Recently, Bank of America (BAC) announced that it would stop raising interest rates on the credit cards of its existing customer base. This news comes ahead of the February 22nd deadline mandated in the Credit CARD Act, and is certainly a step in the right direction. However, there is an issue that hasn’t been raised that would put this announcement into better perspective. How much of Bank of America’s existing credit card portfolio does this news really affect?
Even after the bank has already re-priced millions of credit card customers into higher interest rates, the national media seems to be treating BofA’s (BAC) announcement as a sign that the North Carolina-based bank is falling in line with the spirit of consumer rights—that it has ended the practice of raising rates in the midst of this credit crunch. Unfortunately, it is not at all clear what this announcement actually implies given that the media has toed the company line, and has not asked the necessary questions to put this announcement into perspective.
The key question that the media should be asking is: how many of the customers in Bank of America’s (BAC) portfolio still have a low rate that is not part of an introductory offer? If the bank still has millions of customers below a 10% non-promotional interest rate, then this announcement has merit: BofA’s assurance not to raise those rates matters. If, however, there are only, say, 100,000 customers that have a low non-introductory rate, then this announcement only affects a small number of people–too small to deserve the kind of attention BofA’s announcement received. We need to know the percentage of the credit card portfolio that this news affects in order to come to conclusions about the nature of the announcement and what it means in terms of Bank of America’s position on consumer advocacy.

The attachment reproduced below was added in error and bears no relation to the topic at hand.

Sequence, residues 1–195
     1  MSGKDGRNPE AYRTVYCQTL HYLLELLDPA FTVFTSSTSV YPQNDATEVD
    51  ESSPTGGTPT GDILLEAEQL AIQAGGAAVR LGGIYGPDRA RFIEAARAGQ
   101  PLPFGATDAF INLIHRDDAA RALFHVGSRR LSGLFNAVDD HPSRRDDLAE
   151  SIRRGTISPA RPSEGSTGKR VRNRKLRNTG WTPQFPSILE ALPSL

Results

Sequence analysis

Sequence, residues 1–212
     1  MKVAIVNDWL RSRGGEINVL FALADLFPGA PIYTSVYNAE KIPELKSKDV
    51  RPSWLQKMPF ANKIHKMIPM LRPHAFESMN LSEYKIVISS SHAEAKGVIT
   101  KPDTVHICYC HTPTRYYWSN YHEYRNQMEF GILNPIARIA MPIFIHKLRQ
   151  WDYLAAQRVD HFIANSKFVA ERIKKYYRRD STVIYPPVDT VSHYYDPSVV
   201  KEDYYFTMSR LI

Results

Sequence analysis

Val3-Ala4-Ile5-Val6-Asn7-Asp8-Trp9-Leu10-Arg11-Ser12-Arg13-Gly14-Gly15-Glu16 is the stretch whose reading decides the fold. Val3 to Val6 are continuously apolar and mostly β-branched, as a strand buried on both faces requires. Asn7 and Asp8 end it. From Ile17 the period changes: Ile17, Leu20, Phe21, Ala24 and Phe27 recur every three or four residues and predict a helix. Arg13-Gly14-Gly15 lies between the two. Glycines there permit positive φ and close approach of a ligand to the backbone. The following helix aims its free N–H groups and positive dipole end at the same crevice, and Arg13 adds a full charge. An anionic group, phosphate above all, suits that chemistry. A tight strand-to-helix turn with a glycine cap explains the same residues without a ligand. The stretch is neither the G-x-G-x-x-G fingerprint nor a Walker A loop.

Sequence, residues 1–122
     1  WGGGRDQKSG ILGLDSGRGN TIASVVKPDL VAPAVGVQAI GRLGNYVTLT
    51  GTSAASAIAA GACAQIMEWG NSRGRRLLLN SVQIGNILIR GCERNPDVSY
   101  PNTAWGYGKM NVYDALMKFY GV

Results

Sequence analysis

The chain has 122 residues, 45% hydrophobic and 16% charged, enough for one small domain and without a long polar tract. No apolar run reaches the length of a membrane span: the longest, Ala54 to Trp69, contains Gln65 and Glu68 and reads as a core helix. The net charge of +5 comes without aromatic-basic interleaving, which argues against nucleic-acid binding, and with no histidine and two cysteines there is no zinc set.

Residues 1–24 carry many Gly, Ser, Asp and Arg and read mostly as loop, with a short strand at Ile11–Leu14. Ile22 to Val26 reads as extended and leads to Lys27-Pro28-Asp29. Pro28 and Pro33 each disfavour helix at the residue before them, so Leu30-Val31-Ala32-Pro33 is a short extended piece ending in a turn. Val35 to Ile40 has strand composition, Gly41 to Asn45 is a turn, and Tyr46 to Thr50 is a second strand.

I don’t want to be cynical about possible good news, but my experience says that Bank of America (BAC) has already re-priced everyone that it planned to. The announcement implies that Bank of America is making an active attempt to be pro-consumer in its operations, while in reality it’s likely that they’ve simply finished re-pricing their portfolio of credit cards. If so, then this announcement is nothing more than an attempt to create media coverage out of standard operating procedure. Perhaps worst of all, the media seems to be buying into the announcement, and is now providing Bank of America with much needed positive PR spin by recasting the bank as a mighty corporation that remains in touch with the needs of its customer base.
The Wall Street Journal’s article on this story, for instance, is headlined: “BofA Holds Line on Credit-Card Costs.” The New York Times headline reads “Bank of America Makes Pledge on Credit Card Act,” while the Washington Post’s reads “Bank of America Won’t Hike Card Rates.” Before interpreting positively or negatively with respect to the company, shouldn’t the media ask what Bank of America’s (BAC) announcement really means for its customers? If it turns out, as I suspect, that this story is simply Bank of America trying to get some publicity after finishing the task of raising credit card rates, then the national press is doing the job of Bank of America’s public relations department, and what we’ve been reading is hype and not news.
Disclosure: No positions